Sep 11, 2007
Durham City Council Zoning Decision Meeting -- Monday 15 October
JUST BE THERE
On Monday, October 15, 2007, the Durham City Council will decide on a Zoning Development Plan (Z06-64) that requests a 308 unit multi-family residential on Garrett Road. As private citizens we want to gather many, many citizens to appear (wearing orange shirts) at City Hall that evening. The presence of so many voters, constituents, will prove to the Council Members that citizens want a better Plan.
We are mainly concerned that the numerous impervious surfaces, of recent and future developments, damage creeks and streams and, of course, further pollute Jordan Lake. Since EPA already lists the Lake as “impaired water” now is the time to challenge the course of heedless construction – residential and commercial. For much building is being done purposely without waiting for the passage of the Standards for Improving the Quality of the Jordan Lake Reservoir.
We realize that development will occur. Nevertheless, it should be committed to the community’s well being. Endangering water, overcrowding schools and increasing traffic does not support the needs of the environment and of the public.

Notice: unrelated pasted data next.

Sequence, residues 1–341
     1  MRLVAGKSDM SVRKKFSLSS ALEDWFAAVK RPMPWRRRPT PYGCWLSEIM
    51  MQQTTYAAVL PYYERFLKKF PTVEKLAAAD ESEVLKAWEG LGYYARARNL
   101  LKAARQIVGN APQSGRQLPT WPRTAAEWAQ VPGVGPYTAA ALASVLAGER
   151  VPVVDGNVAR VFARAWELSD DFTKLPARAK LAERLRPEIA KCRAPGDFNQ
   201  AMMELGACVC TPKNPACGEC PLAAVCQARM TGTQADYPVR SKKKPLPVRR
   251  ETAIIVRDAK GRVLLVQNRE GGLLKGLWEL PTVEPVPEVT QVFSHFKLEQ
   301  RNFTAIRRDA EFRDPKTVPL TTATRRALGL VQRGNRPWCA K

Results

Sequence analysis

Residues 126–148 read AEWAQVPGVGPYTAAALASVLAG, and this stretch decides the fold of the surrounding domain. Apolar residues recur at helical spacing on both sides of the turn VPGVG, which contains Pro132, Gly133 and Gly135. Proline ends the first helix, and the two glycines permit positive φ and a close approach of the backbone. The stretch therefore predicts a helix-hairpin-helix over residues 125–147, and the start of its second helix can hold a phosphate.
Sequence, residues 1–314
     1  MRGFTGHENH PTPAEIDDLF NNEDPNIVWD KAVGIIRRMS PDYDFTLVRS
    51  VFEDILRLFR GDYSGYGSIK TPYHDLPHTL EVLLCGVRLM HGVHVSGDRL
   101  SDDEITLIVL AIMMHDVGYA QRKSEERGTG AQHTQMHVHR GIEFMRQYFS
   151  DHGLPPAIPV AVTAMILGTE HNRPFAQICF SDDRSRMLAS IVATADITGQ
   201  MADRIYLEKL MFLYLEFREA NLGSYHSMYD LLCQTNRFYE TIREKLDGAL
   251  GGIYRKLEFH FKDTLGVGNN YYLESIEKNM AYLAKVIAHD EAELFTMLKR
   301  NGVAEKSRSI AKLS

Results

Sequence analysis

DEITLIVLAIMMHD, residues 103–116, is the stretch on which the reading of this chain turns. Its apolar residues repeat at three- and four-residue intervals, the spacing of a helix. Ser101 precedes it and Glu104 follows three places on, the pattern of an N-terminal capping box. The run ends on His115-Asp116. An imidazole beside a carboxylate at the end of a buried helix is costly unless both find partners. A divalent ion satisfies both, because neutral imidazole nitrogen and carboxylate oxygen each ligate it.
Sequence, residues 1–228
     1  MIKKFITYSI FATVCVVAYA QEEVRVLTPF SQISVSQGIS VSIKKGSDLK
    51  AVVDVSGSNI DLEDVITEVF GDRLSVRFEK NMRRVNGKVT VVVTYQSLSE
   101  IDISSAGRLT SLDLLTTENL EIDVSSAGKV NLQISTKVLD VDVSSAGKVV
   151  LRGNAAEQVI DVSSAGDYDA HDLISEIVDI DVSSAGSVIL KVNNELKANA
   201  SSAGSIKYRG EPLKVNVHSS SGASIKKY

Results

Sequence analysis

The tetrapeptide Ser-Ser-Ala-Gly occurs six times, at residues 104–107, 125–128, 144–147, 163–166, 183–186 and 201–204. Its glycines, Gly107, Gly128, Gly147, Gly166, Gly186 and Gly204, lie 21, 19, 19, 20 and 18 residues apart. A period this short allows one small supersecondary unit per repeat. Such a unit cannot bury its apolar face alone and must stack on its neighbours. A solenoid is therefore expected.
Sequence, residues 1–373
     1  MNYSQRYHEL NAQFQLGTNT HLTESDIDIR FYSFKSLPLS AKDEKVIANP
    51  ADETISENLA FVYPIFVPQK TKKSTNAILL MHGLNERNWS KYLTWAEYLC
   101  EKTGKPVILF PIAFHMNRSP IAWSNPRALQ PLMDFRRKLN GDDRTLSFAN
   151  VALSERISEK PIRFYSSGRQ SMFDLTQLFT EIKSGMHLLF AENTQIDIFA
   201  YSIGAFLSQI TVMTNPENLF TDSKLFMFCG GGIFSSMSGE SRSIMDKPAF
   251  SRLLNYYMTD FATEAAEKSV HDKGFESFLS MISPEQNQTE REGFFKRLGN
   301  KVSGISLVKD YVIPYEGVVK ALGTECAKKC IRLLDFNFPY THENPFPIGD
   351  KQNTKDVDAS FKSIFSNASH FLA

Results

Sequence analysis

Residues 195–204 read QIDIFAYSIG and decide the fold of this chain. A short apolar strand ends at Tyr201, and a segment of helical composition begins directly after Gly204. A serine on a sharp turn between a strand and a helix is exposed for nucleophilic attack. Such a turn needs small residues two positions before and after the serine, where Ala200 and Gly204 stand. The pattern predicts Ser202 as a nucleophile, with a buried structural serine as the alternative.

Any suggestions or support is welcome.
Wear orange to the Meeting! We can do this as often as we want to express our views and get results!
Contact - Claire Jentsch or Helen Fischer email@example.com
This editorial notice posted at the Archer Pelican on behalf of Claire Jentsch. Views expressed are of the writers and not the Archer Pelican.
You know, if I were an engineering major or chemist, the project I'd be spending my time on these days is a water permeable paving material. Someone had to invent gas permeable lenses to save our eyes. Why can't someone come up with a water permeable paving material to save our planet? And why doesn't every single house with a roof and a yard also have an underground cistern where the water from the roof can be collected to water said yard. Less stress on the stormwater system and less stress on the drinking water system. This will all be standard 30 years from now, but why not now. Where are the forward looking planners. Want to zone something? Zone that. Make those things part of the building code. The paving solution is just waiting for someone to invent it, but building homes that collect their own stormwater would be a pretty simple solution now, and probably wouldn't add more than $2-5K to the price of a home. Given the water prices in places like, say, Colorado Springs, you'd recover that in the first three years or less, depending on the size of your yard.
Posted by: Doc | Sep 11, 2007 11:11:14 PM